Self-Marketing a Self-Published Novel

Writing a novel is easy. Marketing a novel is hard, especially when you’re not fond of selling yourself or trying to get a stranger to buy a product. It’s a special type of person who not only enjoys enticing people to buy their products, but who can also smile in the face of rejection.

I disliked going door-to-door as a young boy and selling things. No kid should be put under that kind of pressure. I sold chocolate bars, flower seeds, and magazine subscriptions during school fundraisers. The “No Soliciting” sign in front of some houses may as well have been written in Greek. The “mean old man” in my neighborhood was mean not because his entire yard was fenced in and the no soliciting sign fastened conspicuously next to the gate handle. No. He was mean because he yelled at kids for trying to sell him things when the “sign on the gate very clearly states NO SOLICITING,” (his words, not mine). Well. Okay. What’s that got to do with me selling things? What the heck does soliciting mean, anyway?

Selling things hasn’t gotten any easier except for the legwork. Marketing a novel is done over the internet for the most part, so the good exercise aspect of walking door-to-door is no longer valid. But web-based marketing is only marginally more pleasant than getting yelled at by a mean old man.

In an ideal world, every writer would find someone to do their marketing for them, such as a literary agent. But writers live in a world of their own making, and ideal worlds don’t always sell books. If the Book Fairy fails to find a literary agent, and/or a publisher, writers are left with self-publishing and marketing books on their own, unless they pay a marketing professional to do it for them. But, hiring a marketing professional is not affordable for most writers. So what’s a writer to do?

I self-published Honey Ko after receiving more than one hundred literary agent rejections. To be fair, Honey Ko wasn’t the book I wanted it to be at the time I was querying. Every rejection, in addition to denting my self-esteem and confidence as a writer, caused me to re-evaluate what I had written and ask myself if this was a story I would choose to represent were I an agent. The answer was no, and the revisions began. When at last I wrote The End for the final time, I knew I had the story I had longed to write. The road I traveled to get there was painful but rewarding in the end. Now I want to share my story with others.

More than eight hundred books are published, traditionally and self-published, every day in America. In order to get noticed, not only must a self-published novel stand out as a literary work, but the book must stand out as a product people want to buy. There’s the rub: how do I get people to want to buy my book?

That’s what I’m about to find out. I’ll keep you posted 😄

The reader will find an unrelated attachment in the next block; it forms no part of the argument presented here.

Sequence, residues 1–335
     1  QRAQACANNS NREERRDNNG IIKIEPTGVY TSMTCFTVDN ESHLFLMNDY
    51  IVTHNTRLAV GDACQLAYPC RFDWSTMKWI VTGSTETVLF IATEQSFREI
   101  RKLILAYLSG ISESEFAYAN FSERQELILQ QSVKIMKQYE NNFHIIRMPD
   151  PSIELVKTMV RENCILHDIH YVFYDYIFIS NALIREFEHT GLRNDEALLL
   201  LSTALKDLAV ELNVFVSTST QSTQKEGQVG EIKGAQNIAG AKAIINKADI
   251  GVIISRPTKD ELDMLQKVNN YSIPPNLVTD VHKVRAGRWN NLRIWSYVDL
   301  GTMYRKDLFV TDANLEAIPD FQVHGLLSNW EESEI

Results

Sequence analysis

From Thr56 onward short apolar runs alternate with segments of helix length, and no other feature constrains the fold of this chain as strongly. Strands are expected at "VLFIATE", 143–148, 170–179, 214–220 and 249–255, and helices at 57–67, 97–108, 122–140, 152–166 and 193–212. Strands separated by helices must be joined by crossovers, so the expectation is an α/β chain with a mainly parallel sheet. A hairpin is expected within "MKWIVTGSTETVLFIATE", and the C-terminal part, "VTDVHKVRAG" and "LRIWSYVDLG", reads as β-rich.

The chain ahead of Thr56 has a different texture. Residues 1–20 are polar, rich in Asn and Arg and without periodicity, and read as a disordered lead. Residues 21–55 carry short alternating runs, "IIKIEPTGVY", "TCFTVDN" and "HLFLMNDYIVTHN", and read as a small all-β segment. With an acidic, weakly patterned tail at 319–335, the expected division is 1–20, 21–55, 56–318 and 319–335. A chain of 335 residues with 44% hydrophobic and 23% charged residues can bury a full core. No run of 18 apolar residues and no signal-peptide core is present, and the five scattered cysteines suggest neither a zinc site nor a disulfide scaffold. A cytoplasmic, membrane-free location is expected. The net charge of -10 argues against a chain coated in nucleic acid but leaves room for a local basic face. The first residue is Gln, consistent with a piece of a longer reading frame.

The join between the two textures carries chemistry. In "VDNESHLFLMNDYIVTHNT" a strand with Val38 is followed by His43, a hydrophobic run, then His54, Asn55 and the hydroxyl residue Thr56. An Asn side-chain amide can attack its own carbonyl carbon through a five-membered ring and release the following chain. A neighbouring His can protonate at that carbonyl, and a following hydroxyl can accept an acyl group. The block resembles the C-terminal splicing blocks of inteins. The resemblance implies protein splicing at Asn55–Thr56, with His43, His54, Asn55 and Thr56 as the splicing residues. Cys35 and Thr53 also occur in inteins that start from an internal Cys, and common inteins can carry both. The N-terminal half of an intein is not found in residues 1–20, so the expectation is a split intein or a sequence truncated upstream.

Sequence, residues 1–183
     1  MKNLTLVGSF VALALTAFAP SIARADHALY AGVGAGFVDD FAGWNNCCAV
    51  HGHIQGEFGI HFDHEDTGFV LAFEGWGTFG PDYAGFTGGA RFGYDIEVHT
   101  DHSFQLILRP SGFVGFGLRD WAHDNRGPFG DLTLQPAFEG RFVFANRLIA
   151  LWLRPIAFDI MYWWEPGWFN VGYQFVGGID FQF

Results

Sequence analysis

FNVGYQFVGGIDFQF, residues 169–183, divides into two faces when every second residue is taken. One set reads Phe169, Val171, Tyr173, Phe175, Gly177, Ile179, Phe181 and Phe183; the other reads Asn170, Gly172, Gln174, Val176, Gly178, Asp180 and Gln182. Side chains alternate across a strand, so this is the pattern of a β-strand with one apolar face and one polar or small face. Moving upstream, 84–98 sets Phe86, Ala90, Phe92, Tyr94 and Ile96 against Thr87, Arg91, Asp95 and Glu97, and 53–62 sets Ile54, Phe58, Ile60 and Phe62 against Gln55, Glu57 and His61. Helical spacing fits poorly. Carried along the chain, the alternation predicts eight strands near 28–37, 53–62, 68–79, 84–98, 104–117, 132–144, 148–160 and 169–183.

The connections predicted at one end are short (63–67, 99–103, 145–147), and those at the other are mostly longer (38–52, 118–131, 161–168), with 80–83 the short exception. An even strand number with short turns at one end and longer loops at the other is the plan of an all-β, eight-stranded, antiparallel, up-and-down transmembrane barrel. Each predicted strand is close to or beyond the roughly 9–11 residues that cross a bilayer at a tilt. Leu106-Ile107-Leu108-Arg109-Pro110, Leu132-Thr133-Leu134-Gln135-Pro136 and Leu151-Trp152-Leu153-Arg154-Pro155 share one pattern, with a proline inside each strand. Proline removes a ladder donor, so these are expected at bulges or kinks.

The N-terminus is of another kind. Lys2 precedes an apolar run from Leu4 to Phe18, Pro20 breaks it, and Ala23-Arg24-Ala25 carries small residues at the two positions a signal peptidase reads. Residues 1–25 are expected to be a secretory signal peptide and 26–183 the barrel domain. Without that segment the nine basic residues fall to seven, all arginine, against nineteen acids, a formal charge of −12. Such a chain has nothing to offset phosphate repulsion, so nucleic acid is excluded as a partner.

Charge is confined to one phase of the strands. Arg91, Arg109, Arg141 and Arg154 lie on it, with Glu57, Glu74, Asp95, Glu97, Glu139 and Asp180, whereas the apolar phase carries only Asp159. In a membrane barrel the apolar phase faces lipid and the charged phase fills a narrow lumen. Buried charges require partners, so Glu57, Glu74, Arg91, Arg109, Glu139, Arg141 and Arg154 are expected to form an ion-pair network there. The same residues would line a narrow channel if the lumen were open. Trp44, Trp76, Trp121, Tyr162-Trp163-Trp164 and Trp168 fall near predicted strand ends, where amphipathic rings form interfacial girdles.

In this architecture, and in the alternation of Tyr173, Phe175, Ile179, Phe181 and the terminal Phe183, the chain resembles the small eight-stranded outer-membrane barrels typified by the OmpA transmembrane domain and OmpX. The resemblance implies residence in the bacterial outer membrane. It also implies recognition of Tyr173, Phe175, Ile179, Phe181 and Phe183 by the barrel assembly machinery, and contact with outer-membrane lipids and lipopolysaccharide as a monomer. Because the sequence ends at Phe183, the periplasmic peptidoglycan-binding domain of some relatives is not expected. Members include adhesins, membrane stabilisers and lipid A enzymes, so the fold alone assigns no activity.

15 thoughts on “Self-Marketing a Self-Published Novel

  1. I bought ebook now, but I’ll buy paperback later on – its difficult to get it to Europe now (because of Covid 19). Anyway, I promise to post review until the end of this week! I have 3 more books to review lol

    Marketing is tough. I’m struggling all the time… To get reviews maybe try Goodreads (different groups) and websites like booksprout, BookSirens

    Liked by 3 people

  2. I totally understand, Will. I’m not sure if there is a “secret formula,” but if there is, I am confident you will find it. I just have to believe quality and persistence pay off eventually.

    Liked by 2 people

  3. I was at a Literary conference a few years ago and an indie publisher said that the way to support writers and small publishers was to buy their books. I buy a lot of books, read them, and if I’ve enjoyed them, I seek out the author on Twitter and tell them how much I liked it. They usually retweet it and say how much reader’s praise means to them. I get a new follower or three. One day, when I have my own book to sell, I will have thousands of people to market to. In the meantime, they will have to make do with reading my free stories on my blog.
    Also at that conference, some writers were HORRIFIED that they were expected to have a social media presence and participate little and often.

    Liked by 2 people

    1. You are so right about the social media presence. It’s a new world for a lot of people who never used social media much and thought the same thing that worked 30 years ago will work today. Not so.
      It’s been tough for me to build up a Twitter following. You have to keep at it every day or people forget about you. Now that Honey Ko is published, I’m spending more time reading than in the past 5 years.

      Liked by 1 person

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